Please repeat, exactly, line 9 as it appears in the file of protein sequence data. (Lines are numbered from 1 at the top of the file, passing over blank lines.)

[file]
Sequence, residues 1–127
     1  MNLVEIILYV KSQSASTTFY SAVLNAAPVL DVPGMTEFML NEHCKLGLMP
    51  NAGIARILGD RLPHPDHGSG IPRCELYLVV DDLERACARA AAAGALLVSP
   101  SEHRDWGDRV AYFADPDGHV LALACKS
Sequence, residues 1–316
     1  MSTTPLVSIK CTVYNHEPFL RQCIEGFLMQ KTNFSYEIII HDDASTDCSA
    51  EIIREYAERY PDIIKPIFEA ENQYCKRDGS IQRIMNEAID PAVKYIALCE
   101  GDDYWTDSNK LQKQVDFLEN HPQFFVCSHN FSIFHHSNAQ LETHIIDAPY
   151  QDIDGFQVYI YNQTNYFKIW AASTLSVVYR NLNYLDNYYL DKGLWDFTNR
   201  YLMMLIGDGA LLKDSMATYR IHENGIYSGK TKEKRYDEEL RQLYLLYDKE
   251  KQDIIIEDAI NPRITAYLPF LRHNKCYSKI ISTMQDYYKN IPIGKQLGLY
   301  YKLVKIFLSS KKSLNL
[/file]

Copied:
   151  QDIDGFQVYI YNQTNYFKIW AASTLSVVYR NLNYLDNYYL DKGLWDFTNR